US Moves Military Assets Near Libya, Calls Qaddafi Delusional

Tuesday, 01 March 2011 07:07 AM

Secretary of State Hillary Clinton said the Pentagon is repositioning military units near Libya for possible use in a humanitarian relief effort, while the U.S. Treasury announced the freeze of $30 billion in assets of Libyan leader Muammar Qaddafi, his family or the Libyan government.

In the strongest rhetoric so far against Qaddafi from the Obama administration, Susan Rice, the U.S. ambassador to the United Nations, called the Libyan leader “delusional.” Qaddafi insisted in a television interview yesterday that “my people love me” and pledged to stay in power, while suggesting the U.S. wants to occupy Libya.

“When he can laugh in talking to American and international journalists while he is slaughtering his own people, it only underscores how unfit he is to lead and how disconnected he is from reality,” Rice told reporters at the White House yesterday. Qaddafi’s attitude to the bloody crackdown on his people highlights the necessity of U.S., European and United Nations sanctions that have been imposed on Libya in recent days, she said.

Clinton said U.S. naval forces in the Mediterranean and U.S. military assets from NATO and host country bases might be used to support a “humanitarian intervention” and “rescue missions” aimed at assisting refugees fleeing political violence in Libya and elsewhere in North Africa.

Nothing ‘Off the Table’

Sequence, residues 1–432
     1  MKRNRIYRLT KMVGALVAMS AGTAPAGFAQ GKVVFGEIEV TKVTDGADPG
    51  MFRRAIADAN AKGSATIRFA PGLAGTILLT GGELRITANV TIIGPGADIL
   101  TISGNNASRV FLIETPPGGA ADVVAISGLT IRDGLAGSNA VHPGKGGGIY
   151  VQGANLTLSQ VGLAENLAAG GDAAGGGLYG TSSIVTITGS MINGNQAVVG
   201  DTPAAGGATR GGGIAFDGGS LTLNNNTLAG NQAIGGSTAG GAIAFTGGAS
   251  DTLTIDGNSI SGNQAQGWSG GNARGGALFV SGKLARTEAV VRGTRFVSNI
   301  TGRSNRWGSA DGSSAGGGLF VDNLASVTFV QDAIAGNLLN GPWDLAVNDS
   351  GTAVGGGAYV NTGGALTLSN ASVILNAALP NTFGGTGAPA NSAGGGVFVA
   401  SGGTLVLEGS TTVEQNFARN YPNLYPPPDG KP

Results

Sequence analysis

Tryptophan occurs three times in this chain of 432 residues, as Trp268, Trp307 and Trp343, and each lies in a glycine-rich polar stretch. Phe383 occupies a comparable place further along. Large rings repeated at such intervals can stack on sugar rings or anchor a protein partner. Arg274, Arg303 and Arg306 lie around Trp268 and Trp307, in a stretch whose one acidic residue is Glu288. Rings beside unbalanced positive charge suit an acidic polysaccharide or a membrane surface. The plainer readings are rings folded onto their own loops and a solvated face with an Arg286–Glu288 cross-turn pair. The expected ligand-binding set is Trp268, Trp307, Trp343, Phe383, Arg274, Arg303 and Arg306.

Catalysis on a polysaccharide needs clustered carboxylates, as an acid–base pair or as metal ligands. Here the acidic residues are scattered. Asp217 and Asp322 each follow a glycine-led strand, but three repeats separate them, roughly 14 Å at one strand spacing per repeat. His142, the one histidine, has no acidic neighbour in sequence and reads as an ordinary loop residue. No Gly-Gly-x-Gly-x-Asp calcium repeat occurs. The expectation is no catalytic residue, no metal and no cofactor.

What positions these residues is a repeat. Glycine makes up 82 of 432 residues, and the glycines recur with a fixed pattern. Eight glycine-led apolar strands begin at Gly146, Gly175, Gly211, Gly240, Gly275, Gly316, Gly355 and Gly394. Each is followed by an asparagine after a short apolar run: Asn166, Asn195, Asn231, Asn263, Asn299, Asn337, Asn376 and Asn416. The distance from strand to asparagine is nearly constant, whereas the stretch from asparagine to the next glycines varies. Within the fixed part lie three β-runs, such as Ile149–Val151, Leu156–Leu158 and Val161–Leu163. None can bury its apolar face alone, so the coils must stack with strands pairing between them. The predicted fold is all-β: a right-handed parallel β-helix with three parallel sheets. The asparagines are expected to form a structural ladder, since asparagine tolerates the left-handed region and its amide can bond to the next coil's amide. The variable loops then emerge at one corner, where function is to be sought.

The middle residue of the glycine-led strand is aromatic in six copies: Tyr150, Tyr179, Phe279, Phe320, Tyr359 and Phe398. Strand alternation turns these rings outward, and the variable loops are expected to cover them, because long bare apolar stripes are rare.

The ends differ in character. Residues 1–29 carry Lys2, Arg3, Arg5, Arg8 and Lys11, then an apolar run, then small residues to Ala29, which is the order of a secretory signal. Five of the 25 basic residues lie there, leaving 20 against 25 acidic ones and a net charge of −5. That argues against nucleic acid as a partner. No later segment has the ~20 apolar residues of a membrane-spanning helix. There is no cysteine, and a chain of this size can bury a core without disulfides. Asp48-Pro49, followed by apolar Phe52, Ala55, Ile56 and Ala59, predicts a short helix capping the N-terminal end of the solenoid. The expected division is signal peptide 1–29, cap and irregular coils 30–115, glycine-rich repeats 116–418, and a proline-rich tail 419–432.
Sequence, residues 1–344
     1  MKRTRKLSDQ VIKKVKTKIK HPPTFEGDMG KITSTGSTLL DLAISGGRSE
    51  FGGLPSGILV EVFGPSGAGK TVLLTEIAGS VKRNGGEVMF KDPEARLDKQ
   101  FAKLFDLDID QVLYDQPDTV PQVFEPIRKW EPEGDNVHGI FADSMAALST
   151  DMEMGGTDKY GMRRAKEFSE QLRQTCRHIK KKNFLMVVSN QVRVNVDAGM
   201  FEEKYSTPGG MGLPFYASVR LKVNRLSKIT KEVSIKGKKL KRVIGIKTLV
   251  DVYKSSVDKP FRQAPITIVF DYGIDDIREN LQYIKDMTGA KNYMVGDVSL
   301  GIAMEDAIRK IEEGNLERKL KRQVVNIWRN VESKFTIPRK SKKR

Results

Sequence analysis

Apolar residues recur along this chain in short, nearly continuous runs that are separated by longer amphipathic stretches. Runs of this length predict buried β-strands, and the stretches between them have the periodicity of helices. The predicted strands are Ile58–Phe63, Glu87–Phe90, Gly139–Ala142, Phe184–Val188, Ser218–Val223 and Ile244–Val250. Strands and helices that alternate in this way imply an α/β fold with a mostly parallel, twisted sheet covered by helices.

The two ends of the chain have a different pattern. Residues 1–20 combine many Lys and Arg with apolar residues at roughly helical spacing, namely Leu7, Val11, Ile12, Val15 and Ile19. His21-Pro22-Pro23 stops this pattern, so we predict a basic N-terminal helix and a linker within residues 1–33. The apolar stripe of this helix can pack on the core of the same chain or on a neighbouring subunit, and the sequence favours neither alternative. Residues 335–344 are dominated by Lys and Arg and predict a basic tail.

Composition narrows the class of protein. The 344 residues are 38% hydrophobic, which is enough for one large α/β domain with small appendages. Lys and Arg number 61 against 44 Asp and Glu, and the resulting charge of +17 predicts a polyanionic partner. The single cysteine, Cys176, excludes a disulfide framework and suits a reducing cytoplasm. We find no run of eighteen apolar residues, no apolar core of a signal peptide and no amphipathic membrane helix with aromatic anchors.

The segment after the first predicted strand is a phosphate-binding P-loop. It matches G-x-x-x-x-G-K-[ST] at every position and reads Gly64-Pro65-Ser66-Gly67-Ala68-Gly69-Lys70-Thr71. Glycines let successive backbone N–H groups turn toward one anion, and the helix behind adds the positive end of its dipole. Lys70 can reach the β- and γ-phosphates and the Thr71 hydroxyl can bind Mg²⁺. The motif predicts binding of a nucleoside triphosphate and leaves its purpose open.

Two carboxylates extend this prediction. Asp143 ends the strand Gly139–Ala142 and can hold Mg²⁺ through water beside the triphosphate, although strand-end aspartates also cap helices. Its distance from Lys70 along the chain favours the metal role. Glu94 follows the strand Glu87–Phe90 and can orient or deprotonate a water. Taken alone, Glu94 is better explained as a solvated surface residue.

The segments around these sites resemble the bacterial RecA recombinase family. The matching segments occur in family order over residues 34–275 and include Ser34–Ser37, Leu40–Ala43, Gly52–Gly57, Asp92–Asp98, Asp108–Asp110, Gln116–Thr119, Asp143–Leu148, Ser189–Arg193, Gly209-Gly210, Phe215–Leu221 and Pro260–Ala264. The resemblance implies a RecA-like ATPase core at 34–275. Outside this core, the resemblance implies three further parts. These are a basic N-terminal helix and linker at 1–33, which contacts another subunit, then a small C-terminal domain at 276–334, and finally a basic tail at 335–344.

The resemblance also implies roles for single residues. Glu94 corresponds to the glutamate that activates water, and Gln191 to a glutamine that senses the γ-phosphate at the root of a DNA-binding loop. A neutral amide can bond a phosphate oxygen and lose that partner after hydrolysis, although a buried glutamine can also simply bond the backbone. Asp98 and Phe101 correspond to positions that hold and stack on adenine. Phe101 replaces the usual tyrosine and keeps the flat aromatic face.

“There is not any pending military action involving U.S. naval vessels,” Clinton told reporters in Geneva, where she joined European foreign ministers and other allies at a meeting of the United Nations Human Rights Council. Still, she stressed that “nothing is off the table so long as the Libyan government continues to threaten and kill Libyan citizens.”

Commander Wendy L. Snyder, a Pentagon spokeswoman, described the repositioning of forces near Libya as part of the Defense Department’s “contingency planning to provide the President flexibility on a full range of options regarding Libya.”

Clinton said the U.S. was dispatching emergency relief teams to Libya’s borders to assist refugees fleeing the government’s armed crackdown on a popular uprising.

The U.S. Agency for International Development has allocated $10 million in emergency aid and two expert relief teams to support relief organizations aiding Libyans, guest workers and migrants caught up in the violence and dislocation, Clinton said.

Asset Freeze

Meanwhile, $30 billion in cash and securities belonging to Libyan leader Muammar Qaddafi, his family or the Libyan government have been frozen since President Barack Obama ordered sanctions on Feb. 25, in what a Treasury official called the largest such action in history.

“This is the largest blocking under any sanctions program ever,” said David Cohen, acting Treasury undersecretary for terrorism and financial intelligence, without giving details of the banks involved in the freeze. The funds blocked by the U.S. don’t include any Libyan assets frozen by European governments, he said.